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-   -   Being run down when dead in the water (http://www.sailnet.com/forums/seamanship-navigation/66269-being-run-down-when-dead-water.html)

dabnis 07-07-2010 07:06 PM

Being run down when dead in the water
 
Although not the exact same situation as in Denise's post, from a previous thread "going engineless":


"ED031,
I agree with TOMMAYS. My experience was many years in and outside of San Francisco Bay, LOTS of commercial traffic. Don't know what your area is like, but if there is much ship and barge traffic they will close on you at an alarming rate. A few times I had them get a lot closer than I wanted by the time I got the motor started and finally got some speed up. The ships can be limited to where they can go. For liability purposes they might try full astern
before they run you down. If you lose your wind with commercial traffic around you can be in great danger.
Dabnis"

It is a sad example of what can happen when you are dead in the water
in a sailboat with no power, and no wind .

Dabnis

dabnis 07-07-2010 07:13 PM

Quote:

Originally Posted by dabnis (Post 620359)
Although not the exact same situation as in Denise's post, from a previous thread "going engineless":


"ED031,
I agree with TOMMAYS. My experience was many years in and outside of San Francisco Bay, LOTS of commercial traffic. Don't know what your area is like, but if there is much ship and barge traffic they will close on you at an alarming rate. A few times I had them get a lot closer than I wanted by the time I got the motor started and finally got some speed up. The ships can be limited to where they can go. For liability purposes they might try full astern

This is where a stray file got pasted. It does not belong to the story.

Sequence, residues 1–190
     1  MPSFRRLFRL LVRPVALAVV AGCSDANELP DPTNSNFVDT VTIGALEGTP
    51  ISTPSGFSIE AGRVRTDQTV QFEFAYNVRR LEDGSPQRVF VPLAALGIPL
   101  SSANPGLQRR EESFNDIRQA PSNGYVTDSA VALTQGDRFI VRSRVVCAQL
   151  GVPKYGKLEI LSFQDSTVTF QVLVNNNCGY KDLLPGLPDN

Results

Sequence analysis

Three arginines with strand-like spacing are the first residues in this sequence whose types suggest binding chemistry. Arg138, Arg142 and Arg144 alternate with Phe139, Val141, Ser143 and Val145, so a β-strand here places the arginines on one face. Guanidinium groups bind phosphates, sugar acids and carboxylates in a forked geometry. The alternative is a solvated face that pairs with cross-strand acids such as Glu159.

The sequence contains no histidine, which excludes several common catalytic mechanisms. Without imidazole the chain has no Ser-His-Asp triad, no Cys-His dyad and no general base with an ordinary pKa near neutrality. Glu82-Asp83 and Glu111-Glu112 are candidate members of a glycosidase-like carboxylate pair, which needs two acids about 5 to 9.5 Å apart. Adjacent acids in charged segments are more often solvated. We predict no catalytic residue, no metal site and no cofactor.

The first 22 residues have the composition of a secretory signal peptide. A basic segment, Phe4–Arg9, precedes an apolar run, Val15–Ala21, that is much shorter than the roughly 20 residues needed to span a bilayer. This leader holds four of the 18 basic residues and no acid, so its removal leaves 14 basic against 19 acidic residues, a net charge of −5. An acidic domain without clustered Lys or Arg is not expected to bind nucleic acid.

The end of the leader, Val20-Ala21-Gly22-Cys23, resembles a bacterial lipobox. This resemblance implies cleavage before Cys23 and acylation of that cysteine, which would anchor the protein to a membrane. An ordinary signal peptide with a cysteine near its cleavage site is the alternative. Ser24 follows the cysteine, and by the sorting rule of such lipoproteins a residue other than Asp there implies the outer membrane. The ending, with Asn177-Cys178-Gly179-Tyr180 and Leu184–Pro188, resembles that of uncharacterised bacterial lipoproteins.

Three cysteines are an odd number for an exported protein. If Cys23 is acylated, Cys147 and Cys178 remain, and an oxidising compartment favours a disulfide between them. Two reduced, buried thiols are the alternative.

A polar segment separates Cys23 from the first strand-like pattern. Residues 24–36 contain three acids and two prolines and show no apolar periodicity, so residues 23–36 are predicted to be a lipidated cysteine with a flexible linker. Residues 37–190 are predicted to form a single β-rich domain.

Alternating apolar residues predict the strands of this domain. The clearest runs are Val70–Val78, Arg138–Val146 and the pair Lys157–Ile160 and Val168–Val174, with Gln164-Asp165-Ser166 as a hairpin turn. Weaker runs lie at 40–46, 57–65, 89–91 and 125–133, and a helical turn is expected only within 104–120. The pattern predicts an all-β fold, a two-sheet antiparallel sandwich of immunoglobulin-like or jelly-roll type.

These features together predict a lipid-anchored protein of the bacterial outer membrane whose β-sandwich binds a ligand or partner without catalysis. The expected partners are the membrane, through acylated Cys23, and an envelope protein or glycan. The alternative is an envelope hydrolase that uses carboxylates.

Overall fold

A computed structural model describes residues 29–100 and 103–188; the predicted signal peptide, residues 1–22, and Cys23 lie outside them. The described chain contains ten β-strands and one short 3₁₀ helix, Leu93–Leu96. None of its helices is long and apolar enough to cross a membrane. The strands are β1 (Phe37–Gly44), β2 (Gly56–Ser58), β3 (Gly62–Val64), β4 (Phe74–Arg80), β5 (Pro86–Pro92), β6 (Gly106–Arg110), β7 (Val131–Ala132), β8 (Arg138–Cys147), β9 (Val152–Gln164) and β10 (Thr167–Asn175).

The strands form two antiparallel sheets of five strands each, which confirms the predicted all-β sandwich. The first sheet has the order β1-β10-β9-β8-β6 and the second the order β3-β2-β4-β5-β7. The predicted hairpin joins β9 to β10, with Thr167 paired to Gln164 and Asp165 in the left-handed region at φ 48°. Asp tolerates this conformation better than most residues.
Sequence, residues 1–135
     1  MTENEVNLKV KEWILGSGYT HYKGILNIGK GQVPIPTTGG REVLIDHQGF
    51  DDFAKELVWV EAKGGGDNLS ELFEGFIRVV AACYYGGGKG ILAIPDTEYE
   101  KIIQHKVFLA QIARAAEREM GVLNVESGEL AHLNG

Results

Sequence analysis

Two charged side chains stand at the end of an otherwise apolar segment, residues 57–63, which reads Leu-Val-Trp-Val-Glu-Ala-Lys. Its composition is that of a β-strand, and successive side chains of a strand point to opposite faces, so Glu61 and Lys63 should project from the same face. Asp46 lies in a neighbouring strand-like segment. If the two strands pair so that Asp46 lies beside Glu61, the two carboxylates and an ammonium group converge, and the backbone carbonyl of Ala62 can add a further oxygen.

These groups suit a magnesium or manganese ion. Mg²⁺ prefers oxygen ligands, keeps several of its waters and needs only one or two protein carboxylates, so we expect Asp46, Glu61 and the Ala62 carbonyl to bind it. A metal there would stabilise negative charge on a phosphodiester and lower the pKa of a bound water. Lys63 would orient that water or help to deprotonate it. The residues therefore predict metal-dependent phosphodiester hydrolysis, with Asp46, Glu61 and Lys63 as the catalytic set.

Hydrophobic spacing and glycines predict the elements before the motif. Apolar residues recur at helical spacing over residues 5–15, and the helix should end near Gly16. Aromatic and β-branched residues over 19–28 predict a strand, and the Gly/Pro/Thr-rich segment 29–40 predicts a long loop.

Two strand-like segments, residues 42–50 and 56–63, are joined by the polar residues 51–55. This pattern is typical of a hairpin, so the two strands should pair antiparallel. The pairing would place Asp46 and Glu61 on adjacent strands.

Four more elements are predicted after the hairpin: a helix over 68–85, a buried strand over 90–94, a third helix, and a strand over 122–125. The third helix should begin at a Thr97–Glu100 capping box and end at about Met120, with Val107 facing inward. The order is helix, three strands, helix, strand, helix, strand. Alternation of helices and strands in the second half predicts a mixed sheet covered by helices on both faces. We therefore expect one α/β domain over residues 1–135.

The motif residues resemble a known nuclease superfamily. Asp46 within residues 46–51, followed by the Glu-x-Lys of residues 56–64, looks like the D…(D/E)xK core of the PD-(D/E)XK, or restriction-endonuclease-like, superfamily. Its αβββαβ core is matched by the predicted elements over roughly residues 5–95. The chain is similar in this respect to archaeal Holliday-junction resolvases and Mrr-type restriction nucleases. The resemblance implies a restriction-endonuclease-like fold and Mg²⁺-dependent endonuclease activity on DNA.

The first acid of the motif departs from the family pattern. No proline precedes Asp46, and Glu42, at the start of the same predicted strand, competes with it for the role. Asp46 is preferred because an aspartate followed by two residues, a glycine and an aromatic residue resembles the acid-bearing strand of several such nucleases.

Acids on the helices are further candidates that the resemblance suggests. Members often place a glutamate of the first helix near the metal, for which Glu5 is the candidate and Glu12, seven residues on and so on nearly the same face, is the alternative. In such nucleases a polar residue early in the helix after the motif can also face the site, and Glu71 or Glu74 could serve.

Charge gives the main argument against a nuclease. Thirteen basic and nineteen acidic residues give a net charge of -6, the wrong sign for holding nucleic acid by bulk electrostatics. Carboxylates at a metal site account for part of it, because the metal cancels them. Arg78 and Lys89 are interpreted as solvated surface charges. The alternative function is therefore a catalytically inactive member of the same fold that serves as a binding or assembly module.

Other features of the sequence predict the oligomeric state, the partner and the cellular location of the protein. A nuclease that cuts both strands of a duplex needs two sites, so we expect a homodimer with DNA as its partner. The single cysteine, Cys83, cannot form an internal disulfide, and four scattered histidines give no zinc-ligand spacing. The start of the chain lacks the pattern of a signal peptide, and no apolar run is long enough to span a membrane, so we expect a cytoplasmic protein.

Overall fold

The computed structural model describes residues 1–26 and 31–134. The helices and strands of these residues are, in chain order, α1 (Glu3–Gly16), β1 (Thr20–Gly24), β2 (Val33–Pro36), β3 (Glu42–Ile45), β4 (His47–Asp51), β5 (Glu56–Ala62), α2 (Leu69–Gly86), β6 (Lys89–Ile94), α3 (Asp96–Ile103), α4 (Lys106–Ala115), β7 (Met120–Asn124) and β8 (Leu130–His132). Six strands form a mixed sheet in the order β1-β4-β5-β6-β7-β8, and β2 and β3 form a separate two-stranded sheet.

before they run you down. If you lose your wind with commercial traffic around you can be in great danger.
Dabnis"

It is a sad example of what can happen when you are dead in the water
in a sailboat with no power, and no wind .

Dabnis

Forgot the link:2 Teens Missing, Dozens Rescued After "Duck Boat" Crash In Delaware River - cbs3.com

Dabnis

sailingdog 07-08-2010 12:48 AM

There's a good reason not to sail in the "shipping" channel. In most harbors there are areas of shallower depth that a small sailboat can use, which the larger ships can not. Often there are even designated small craft channels or traffic areas. If you don't have to be in the main shipping channel, why would you sail there???

dabnis 07-08-2010 10:09 AM

Quote:

Originally Posted by sailingdog (Post 620439)
There's a good reason not to sail in the "shipping" channel. In most harbors there are areas of shallower depth that a small sailboat can use, which the larger ships can not. Often there are even designated small craft channels or traffic areas. If you don't have to be in the main shipping channel, why would you sail there???

Sometimes it is the only way to get from one place to another.
Agreed, one should spend as little time crossing them as possible.

Dabnis

Boasun 07-08-2010 12:28 PM

When you have to be in a Navigation channel due to ultra shallow water outside the buoys. Then hug either the Green or Red buoy line and let the ships have the center. Also TALK to the pilots on the ship and let them know that you are there... If they are aware of you the lest likely that they will hit you... Which is one minor detail that is very important to you. :)